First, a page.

WR’s Welliver gets opportunity to play in Argentina with SU

PHOTO PROVIDED Susquehanna University goalie Madi Welliver works through drills during a practice on a team trip to Argentina. Welliver and her temmates played against the UAI university team, the U20 Argentina national team and the River Plate women’s team during its preseason trip.

Warrior Run grad Madi Welliver remembers walking into the Argentina Futbol Association facility in Buenos Aires, Argentina, and stopping to talk to a nearby security guard.

That’s when the guard told Welliver and her Susquehanna teammates that very few people get the opportunity to even come inside this facility, let alone play a game there.

Here Welliver was, thousands of miles from Turbotville, and was about to step onto the same field that one of the greatest soccer players in the world trains on, Lionel Messi. Not to mention the men’s and women’s national team train there as well.

“Being able to step on that field is truly an honor,” Welliver said.

To say it was surreal is an understatement.

“It was a great learning experience for us as individuals and as a team, and while soccer was an obviously important part of the game, it was more important for us to just take in the moment and enjoy the opportunity that was in front of us,” Welliver said. “We had the once-in-a-lifetime opportunity to play at the world-famous AFA facility.”

Welliver was able to play on what can be argued as hallowed soccer grounds in Argentina with her fellow Susquehanna women’s soccer teammates recently as part of a trip to play the Argentina national team, a semi-professional team and a college team.

Susquehanna played against the UAI university team, the U20 Argentina national team and the River Plate women’s team, which is a professional team that was just recently established in Buenos Aires.

In addition to play soccer against three very talented teams, the River Hawks also did some community service with local clubs for children and adults and put on a clinic and pick-up game with roughly 50 children and adults.

“It was such a humbling experience and truly an honor to serve in Buenos Aires,” Welliver said.

Everywhere Welliver and her teammates went, they were reminded of soccer in the Buenos Aires area. Soccer is king in Argentina, and they saw it first hand.

There were people wearing jerseys, families passing around soccer balls in the parks and even older men in the middle of the streets practicing their foot skills.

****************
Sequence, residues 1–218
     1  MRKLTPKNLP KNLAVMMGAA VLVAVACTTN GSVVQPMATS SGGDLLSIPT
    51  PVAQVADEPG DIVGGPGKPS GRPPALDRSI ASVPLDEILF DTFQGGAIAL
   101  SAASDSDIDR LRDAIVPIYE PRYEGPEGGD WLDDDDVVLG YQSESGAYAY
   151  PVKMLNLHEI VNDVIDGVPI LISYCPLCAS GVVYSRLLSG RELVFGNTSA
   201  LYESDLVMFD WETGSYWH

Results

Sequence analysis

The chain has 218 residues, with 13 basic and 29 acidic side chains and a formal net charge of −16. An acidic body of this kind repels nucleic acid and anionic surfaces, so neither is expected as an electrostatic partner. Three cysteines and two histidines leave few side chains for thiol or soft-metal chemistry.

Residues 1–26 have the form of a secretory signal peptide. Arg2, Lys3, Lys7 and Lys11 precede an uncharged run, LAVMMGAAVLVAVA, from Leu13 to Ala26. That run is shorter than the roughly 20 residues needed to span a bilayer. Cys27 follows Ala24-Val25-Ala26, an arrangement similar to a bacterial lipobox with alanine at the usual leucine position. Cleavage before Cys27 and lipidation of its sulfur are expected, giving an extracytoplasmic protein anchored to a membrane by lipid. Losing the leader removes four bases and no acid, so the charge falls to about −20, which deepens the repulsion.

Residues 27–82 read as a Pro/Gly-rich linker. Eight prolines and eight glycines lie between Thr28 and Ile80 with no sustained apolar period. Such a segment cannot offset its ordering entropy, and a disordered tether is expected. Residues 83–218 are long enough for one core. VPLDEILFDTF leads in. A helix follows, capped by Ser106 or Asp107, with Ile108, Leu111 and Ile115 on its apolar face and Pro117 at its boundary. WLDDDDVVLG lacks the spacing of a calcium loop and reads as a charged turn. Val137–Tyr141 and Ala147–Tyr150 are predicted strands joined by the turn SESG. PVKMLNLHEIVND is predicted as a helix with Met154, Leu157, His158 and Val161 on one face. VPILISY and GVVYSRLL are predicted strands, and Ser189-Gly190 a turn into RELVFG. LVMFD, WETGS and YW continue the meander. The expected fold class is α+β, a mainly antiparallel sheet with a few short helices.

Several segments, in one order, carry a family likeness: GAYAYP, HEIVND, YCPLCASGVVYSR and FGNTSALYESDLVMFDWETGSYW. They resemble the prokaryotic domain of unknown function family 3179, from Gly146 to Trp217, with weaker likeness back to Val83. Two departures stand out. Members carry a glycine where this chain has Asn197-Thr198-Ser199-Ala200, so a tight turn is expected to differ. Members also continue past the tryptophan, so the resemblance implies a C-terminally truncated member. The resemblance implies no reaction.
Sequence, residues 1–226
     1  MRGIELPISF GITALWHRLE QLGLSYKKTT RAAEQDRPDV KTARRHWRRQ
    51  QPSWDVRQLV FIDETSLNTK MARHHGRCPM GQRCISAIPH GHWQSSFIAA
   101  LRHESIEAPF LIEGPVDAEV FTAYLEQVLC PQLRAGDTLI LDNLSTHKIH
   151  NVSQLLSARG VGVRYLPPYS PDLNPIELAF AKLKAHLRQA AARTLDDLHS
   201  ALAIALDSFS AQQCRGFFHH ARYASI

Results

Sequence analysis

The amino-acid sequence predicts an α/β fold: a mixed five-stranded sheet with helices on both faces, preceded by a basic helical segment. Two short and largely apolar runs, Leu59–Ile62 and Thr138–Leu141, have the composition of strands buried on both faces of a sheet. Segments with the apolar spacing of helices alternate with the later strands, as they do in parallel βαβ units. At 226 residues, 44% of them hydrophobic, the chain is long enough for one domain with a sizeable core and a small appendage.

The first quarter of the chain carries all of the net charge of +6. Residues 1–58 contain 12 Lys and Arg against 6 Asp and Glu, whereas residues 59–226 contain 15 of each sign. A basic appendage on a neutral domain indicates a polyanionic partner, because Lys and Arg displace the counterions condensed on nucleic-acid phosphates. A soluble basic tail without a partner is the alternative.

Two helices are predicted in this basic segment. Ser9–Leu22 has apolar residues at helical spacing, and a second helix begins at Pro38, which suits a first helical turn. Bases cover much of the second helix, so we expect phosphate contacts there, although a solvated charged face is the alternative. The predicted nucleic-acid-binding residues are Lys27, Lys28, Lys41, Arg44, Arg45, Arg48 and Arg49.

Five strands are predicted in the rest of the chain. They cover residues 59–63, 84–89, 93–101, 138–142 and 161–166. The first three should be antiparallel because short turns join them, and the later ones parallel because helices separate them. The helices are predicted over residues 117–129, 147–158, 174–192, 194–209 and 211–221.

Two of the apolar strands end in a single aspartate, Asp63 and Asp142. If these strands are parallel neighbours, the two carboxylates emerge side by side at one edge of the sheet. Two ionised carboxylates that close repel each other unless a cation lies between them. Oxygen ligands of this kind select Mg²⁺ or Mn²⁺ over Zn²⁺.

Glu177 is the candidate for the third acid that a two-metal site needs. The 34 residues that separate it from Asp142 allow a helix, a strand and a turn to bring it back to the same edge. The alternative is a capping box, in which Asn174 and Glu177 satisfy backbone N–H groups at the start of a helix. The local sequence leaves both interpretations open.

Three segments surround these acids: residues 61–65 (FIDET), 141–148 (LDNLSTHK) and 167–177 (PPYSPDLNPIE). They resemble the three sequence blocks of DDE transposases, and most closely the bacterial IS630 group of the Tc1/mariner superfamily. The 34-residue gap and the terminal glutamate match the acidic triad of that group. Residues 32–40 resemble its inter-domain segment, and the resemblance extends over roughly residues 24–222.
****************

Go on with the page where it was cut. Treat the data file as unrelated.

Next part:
Welliver ended her four-year career at Warrior Run as one of the area’s best goalies in recent memory and ended as Pennsylvania’s girls soccer all-time shutouts leader with 60 in her career, helping Warrior Run make deep state playoff runs every year.

And while she was one of the best goalies in District 4, Welliver admits that the competition she’s seen so far in her life in both high school and college is nothing compared to what she played against in Argentina.

“Being in goal was slightly nerve-wracking but overall a great experience. It was truly a test of my skill level and mental toughness, especially going into our season in less than a week, it provides me with an idea of where I can improve as a keeper and a teammate,” Welliver said. “Their style of play is something we don’t typically see in the United States, especially at the college level. So, experiencing such a diverse play style combined with high skill level players is a great test and preparation for the upcoming season.”

A lot of the players Welliver and her teammates played against will end up traveling to the United States to play in the National Women’s Soccer League — the same league Central Mountain grad Sam Lofton briefly was in with the Boston Breakers — or participate in the World Cup.

While the Argentina players will likely go professional at some point or with the World Cup, they were still excited to play against Susquehanna, despite it being a Division 3 school.

“The most fascinating part was the fact they were just as excited to play us,” Welliver said. “For two of the games, we actually had the opportunity to eat dinner with the teams. This gave us the opportunity to create a personal relationship and an experience that extended beyond the field of play. I know speaking for all my teammates, this is something we will cherish forever.”

The River Hawks flew out of John F. Kennedy Airport in New York City and landed in Ezeiza, Argentina — taking a nearly 11-hour flight — before taking a bus to Buenos Aires for 10 days in the city.

They played all over the city, having a game on the Rancho Taxco farm, one at AFA and the other at River Plate Stadium.

All three games showed Welliver how talented the Argentina players were, not only as professionals and on the national team, but the college players as well.

“All three games were absolutely incredible. Just knowing that we were sharing the field with the best players in the country/continent was an honor. The skill level, style of play and competition was something none of us had seen before, and without a doubt the best teams some of us will ever play against,” Welliver said. “Their technical abilities were so impressive even our team would cheer them on. It was just a great learning experience for us as individuals and as a team.

“For a Division 3 program in central Pennsylvania, playing a national team was something I never imagined I would do.”

It’s an experience Welliver won’t ever forget, even if it hasn’t quite yet set in just what she was able to experience.

“The quick turnaround and busy schedules won’t allow us to truly reflect on the amazing things we just did until we are all together again,” Welliver said. “One thing I know for sure was that this trip, while being focused on culture and soccer, was a great opportunity for the 27 of us girls to spend time with each other outside of the classroom and field.”